Ode on Melancholy
Food and Eating
Whether you think about the various poisons listed in the first stanza, the references to "grapes" and wine, or the repetition of words like "glut" and "feed," you have to admit that there's a lot of eating and drinking going on in this poem. Most of this consumption is imagined or metaphorical, it's true, but what's up with all this eating? Was Keats just hungry when he composed this poem? Or is there something deeper afoot?
- Line 2: The speaker is using a metaphor when he refers to the "poisonous wine" of wolfs-bane. Wolfs-bane is a poisonous herb, but it certainly isn't going to be the hot new thing in wine making.
- Line 4: Another metaphor, with an allusion to classical Greek mythology thrown in for good measure. The speaker continues the metaphor of poison being like wine that he started in line 2 when he describes poisonous nightshade as being like a "ruby grape." He associated the nightshade with "Proserpine" because Proserpine is the queen of the underworld in classical Greek mythology, and if you drank wine made from nightshade, you'd die and find yourself as the newest inhabitant of Proserpine's kingdom. Referring to the "grape" instead of to wine is an example of synecdoche, or referring to a part of something to represent the whole.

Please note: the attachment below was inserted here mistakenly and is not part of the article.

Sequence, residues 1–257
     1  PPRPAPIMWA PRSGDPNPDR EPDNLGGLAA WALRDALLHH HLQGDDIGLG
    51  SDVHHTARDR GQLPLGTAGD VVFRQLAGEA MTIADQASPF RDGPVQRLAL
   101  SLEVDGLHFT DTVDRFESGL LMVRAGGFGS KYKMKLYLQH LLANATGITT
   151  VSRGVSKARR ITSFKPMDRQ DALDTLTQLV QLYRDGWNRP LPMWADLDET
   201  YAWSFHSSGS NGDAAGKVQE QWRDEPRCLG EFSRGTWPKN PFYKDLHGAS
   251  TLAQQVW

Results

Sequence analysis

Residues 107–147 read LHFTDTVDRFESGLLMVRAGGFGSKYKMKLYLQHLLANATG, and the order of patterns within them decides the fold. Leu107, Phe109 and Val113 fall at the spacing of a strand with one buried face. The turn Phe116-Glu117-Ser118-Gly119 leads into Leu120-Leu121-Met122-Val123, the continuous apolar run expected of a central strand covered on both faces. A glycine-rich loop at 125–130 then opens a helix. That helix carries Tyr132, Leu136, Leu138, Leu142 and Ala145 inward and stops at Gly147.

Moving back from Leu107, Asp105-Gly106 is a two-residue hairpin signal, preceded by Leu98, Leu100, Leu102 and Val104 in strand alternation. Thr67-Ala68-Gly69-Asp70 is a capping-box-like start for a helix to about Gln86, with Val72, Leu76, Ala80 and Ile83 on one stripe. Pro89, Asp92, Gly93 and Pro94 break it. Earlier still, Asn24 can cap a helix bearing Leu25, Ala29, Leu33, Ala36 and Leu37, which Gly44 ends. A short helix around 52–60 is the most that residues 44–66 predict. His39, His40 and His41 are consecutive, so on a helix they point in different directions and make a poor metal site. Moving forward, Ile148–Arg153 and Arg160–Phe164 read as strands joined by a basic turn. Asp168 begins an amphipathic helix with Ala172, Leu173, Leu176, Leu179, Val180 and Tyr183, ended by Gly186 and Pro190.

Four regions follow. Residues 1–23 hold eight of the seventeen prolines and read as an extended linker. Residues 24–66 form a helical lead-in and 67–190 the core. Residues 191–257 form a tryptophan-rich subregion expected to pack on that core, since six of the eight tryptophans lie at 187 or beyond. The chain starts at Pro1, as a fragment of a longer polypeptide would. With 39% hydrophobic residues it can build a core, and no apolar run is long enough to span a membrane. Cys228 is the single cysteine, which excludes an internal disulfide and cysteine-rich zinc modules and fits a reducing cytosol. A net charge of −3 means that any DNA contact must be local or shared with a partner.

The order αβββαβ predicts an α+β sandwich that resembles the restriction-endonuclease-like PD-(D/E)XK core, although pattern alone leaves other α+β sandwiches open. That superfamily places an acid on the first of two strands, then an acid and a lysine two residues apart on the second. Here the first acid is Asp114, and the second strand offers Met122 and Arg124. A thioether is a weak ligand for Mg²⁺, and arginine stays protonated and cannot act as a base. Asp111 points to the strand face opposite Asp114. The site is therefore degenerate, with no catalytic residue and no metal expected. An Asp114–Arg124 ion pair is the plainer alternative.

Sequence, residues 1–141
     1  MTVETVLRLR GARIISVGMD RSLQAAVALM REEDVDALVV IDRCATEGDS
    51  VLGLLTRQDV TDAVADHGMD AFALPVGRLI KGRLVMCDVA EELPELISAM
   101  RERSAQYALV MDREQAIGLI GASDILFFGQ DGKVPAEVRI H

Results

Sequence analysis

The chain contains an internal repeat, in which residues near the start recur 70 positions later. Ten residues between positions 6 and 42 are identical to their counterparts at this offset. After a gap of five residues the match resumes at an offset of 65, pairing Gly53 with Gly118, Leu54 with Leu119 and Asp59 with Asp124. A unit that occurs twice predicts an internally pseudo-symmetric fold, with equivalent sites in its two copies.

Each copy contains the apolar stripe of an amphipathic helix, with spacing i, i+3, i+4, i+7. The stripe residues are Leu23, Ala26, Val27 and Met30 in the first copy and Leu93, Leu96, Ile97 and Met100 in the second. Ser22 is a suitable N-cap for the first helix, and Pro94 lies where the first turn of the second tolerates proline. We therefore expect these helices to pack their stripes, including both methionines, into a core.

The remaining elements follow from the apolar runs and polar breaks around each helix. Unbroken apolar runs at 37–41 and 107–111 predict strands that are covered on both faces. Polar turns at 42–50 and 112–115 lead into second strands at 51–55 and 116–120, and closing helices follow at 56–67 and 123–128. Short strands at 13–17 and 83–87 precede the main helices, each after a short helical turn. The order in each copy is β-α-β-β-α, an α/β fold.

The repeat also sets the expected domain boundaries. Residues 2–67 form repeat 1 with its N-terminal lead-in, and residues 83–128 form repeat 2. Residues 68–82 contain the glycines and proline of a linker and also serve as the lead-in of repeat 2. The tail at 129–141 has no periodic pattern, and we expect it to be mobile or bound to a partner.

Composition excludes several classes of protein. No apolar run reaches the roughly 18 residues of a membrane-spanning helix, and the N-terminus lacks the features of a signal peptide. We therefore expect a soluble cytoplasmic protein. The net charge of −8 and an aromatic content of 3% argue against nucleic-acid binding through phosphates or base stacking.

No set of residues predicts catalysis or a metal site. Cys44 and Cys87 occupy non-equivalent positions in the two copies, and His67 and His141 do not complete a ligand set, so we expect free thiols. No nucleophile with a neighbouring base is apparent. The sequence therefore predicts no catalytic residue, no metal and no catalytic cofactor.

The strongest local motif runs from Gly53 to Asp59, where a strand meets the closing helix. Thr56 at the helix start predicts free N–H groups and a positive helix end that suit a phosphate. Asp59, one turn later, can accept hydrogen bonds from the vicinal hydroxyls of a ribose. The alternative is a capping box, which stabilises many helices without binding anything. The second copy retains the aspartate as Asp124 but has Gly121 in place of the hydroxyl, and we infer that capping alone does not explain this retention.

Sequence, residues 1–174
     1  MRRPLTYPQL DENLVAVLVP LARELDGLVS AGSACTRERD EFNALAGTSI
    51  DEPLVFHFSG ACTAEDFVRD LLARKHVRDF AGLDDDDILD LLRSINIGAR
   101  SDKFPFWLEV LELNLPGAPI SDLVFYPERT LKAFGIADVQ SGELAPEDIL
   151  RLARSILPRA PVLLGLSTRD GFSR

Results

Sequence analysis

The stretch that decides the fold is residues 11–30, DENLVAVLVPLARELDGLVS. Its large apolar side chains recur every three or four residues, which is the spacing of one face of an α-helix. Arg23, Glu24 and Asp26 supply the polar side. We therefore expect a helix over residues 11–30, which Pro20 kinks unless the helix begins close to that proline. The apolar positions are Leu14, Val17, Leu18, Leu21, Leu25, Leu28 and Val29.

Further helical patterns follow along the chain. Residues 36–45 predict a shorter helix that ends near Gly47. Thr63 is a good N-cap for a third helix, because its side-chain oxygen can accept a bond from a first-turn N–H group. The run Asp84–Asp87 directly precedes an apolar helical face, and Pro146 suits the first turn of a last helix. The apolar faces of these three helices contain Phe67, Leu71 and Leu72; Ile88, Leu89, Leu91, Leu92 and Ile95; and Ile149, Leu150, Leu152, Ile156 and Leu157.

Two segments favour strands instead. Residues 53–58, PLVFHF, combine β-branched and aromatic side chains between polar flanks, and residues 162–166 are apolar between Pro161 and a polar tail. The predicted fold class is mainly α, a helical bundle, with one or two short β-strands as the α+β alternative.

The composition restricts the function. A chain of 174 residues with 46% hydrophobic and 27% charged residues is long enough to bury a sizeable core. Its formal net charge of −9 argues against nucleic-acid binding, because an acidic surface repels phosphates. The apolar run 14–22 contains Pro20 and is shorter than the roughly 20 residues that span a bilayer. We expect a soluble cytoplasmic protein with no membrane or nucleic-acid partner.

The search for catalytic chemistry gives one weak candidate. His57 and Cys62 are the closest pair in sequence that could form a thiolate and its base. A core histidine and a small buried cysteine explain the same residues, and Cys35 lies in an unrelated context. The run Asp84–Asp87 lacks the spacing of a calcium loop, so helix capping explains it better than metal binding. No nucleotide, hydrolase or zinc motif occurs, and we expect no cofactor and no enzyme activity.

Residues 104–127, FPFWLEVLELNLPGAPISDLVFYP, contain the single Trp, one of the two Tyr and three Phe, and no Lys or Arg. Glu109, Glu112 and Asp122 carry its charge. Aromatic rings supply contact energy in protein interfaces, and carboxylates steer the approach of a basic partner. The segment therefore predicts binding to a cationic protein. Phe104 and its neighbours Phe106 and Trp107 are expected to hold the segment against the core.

- Line 15: The speaker advises us to "glut" ourselves on roses. Are we really supposed to eat flowers? Put down your knife and fork, Shmoopers, this is just another metaphor. The speaker personifies the feeling of melancholy here when he says that we should "glut" ourselves on beautiful flowers—he's saying we should feed our bad mood by thinking about how beautiful things won't last.
- Line 20: Before you start trying to eat your girlfriend's beautiful eyes (gross!), remember that this is just another metaphor. Again, the speaker wants us to "feed" our melancholy by focusing on beautiful things (like our mistress's eyes) that won't last forever.
- Line 24: Lots going on here: we have more metaphor when the speaker says that Pleasure is turning into poison, and that repeated "P" sound (a.k.a. alliteration) makes "pleasure" and "poison" seem even more closely associated.
- Lines 27-29: The speaker says that the only people who can see how closely pleasure and melancholy are linked are the folks who can burst "Joy's grapes" in their mouth with their tongue. Yes, you guessed it—that's a metaphor. We're not talking about literal grape-squishing. Grapes are sweet, but their sweetness doesn't last forever. The reference to grapes also refers back to the poisonous "grapes of Proserpine" from back in line 4. Seems like any food or drink in this poem looks tasty and pleasant (wine! grapes! "glutting" ourselves on roses!), but then turns out to be poisonous, sad, or wilty. Watch what you eat in this poem, Shmoopers.